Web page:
One evening, an uncle called me. He said he saw me on television. I was in parliament, sitting among the law students who were demonstrating against their mass failure. At this moment, I realized that if I didn’t stop the hysteria, I would be making a mockery of myself to the public.
Around this time too there was this social media item going around town. A gentleman, disgusted by the demonstrating law students, went on social media, insulting all demonstrating students. He described them as unintelligent and a nuisance to the public, adding that it was not mandatory for one to be a lawyer. If the students felt the course was too tough for them, they better quit: “Moa bongwa mose mookor demonstration.
Eye by force se ye Lawyer?” To wit: if you were unintelligent and had failed your exam, does this call for demonstration? Are you mandated to be lawyers? Or better expressed: is it by force that you should become lawyers?
This cut me deep. I had always been seen as an intelligent person in the previous schools that I attended. This situation definitely was strange.
Comments from 2017 GSL academic page
Back home, on our class Academic whatsApp Platform, various comments by various colleagues just made matters worse for me. I initially wanted to delete myself from the page but later exercised restraint.
Some of those who made it either directly or upon remarking or rewriting their referrals, just didn’t know the limits. Oh my God! Some really lacked wisdom and just went wild in their celebrations. My inner being detested that platform. I stopped reading items from there.
Some of the comments that I can still remember are as follows:
a. IEC has spoken and everyone knows his or her smoothness level now.
b. As for some of us, we didn’t do law because we wanted to practise, we did it just for ‘sheegeh’ reasons.
c. etc etc.
Others simply refused picking up your calls.
But seriously, I had nothing against them. I only thought that they should have been more considerate in their expressions, knowing that not all colleagues were on the same page or status as they were.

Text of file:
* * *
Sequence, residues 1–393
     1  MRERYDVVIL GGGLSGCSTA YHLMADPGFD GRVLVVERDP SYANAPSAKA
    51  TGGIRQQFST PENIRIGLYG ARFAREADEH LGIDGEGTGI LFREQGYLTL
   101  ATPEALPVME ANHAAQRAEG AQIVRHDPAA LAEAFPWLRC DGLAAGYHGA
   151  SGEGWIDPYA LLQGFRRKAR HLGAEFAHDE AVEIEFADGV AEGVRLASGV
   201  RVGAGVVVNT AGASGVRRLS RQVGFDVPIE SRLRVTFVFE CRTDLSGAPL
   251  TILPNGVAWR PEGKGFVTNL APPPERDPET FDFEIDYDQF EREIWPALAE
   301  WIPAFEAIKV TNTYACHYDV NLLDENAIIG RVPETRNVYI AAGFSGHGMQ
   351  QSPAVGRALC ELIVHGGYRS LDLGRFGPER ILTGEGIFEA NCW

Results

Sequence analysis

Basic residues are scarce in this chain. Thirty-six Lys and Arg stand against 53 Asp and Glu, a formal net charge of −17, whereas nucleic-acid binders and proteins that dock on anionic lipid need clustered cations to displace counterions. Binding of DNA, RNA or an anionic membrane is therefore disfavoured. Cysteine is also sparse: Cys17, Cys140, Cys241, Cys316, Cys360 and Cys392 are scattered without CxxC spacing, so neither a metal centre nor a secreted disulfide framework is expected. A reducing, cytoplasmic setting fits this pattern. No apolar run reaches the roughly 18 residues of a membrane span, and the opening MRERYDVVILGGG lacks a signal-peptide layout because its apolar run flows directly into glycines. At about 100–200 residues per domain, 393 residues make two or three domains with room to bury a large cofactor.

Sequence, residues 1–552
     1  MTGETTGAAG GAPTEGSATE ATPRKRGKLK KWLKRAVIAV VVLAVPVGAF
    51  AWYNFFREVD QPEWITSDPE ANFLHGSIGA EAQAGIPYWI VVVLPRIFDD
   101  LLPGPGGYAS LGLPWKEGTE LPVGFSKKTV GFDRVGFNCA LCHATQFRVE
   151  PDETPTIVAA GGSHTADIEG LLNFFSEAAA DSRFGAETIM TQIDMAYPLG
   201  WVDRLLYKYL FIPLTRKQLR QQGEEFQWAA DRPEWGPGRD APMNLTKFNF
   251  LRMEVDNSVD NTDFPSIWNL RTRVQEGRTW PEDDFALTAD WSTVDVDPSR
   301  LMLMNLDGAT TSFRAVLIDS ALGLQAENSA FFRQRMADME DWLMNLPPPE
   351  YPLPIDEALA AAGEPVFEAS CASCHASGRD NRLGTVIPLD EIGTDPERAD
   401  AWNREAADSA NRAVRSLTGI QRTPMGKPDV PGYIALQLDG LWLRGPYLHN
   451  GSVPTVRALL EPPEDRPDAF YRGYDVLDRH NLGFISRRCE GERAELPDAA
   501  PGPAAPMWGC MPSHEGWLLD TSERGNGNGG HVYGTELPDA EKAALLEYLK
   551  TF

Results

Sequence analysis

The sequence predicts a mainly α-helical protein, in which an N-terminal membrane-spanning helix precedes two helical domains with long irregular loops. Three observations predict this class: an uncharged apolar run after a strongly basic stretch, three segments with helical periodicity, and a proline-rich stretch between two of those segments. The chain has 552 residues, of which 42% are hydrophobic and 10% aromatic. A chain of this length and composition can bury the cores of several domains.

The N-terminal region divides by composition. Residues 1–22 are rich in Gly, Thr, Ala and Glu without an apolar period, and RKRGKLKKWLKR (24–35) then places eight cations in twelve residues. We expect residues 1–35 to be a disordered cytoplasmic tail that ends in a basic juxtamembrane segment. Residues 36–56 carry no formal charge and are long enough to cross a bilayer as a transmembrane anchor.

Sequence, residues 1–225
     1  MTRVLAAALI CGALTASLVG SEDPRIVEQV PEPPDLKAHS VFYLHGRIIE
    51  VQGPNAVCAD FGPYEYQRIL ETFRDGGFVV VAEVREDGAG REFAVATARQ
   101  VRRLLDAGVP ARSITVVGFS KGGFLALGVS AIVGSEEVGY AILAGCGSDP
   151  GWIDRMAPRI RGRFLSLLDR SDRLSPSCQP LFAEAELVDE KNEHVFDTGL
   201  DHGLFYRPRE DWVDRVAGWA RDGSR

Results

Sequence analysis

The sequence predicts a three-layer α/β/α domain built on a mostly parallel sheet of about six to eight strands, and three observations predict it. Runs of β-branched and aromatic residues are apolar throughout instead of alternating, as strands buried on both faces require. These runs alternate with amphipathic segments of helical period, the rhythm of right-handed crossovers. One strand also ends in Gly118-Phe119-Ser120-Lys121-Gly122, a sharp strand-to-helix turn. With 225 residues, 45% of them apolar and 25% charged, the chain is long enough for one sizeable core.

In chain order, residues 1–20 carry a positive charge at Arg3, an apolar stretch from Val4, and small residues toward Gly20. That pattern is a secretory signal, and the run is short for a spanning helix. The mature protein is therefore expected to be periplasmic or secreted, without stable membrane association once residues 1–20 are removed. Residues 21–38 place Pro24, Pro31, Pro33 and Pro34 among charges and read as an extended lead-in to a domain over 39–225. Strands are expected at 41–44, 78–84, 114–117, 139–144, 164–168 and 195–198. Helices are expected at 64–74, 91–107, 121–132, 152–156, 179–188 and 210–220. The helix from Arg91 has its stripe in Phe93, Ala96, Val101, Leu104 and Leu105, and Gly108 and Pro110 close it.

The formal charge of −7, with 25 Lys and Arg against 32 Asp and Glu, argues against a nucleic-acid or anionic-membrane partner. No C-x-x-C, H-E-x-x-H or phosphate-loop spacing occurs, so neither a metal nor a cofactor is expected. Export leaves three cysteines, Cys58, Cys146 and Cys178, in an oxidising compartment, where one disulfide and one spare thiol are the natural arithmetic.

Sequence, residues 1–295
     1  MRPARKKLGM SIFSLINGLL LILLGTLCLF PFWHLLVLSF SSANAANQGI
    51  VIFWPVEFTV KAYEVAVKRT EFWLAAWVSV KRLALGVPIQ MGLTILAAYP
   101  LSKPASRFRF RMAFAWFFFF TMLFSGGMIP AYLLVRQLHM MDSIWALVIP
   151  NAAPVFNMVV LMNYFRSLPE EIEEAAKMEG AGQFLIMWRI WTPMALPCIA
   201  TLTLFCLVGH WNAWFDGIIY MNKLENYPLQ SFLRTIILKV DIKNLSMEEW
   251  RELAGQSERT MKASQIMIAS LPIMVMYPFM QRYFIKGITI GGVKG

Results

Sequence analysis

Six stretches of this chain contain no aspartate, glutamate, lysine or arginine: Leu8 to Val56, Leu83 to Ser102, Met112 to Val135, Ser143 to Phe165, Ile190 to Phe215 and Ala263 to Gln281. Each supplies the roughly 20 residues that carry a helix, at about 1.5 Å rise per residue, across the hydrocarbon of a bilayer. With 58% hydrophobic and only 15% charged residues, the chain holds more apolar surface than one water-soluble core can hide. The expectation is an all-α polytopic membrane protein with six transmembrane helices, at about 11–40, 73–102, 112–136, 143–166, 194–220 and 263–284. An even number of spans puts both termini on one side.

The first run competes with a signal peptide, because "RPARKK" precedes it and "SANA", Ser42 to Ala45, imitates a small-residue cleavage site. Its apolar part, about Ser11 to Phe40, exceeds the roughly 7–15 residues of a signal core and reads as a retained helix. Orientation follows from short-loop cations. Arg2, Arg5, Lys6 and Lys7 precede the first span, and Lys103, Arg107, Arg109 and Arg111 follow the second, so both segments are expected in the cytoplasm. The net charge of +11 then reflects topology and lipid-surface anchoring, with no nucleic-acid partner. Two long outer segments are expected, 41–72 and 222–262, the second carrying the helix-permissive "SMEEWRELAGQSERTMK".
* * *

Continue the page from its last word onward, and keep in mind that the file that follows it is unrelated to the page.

There were those, however, who wrote messages of encouragement. For example:
1. Don’t worry, God’s time is the best.
2. If you have failed, it doesn’t mean you were not intelligent.
3. The battle is not for the swift etc.
Social relations with mates after release of results
I remember I went to Flagstaff House area, close to TV3, the rear view. A place I used to go eat some fufu with palm nut soup, with friends. It was in the evening. I met one of my colleagues. He was a referred student at that time. That is to say he failed in two papers. I failed three papers, so I was a repeat student.
Unless you are a student of the Ghana School of Law, you will not understand how just one subject difference can put mates worlds asunder.
I was watching a football match there, just trying once again to divert my painful thoughts. He came to sit close to me. After about five minutes of watching the game, he passed an unpleasant comment: “this is your field but not Law”, pointing at the football match.
I could not believe my ears, because looking at my age, I could not just reconcile the advice of my friend to stop pursuing law and become a professional footballer. Obviously, this was a mockery. I remained silent. Never uttered a word. I just told him after a while that I was visiting the washroom. Then I escaped, I couldn’t take further scorn and disrespect.
On another occasion, my outing group decided that we should meet as usual. I wanted to refuse but upon second thought, I supposed it was more mature to control my emotions and flaws. We got to the venue. One of the guys who had passed at first instance wore a T-Shirt and embossed very boldly across his chest was the word “ESQUIRE”. This lowered the tempo of the sitting as the other half of the group members were repeated students.
However, through emotional maturity, we kept up and went on having fun as though nothing had changed.
On another occasion, we met again. This time was bad. One of us decided to bring along a female colleague. Usually it was a boys-boys movement. This lady refused to greet us when she came to see us sitting. Unfortunately, all those sitting before her arrival were repeated students and a referred student.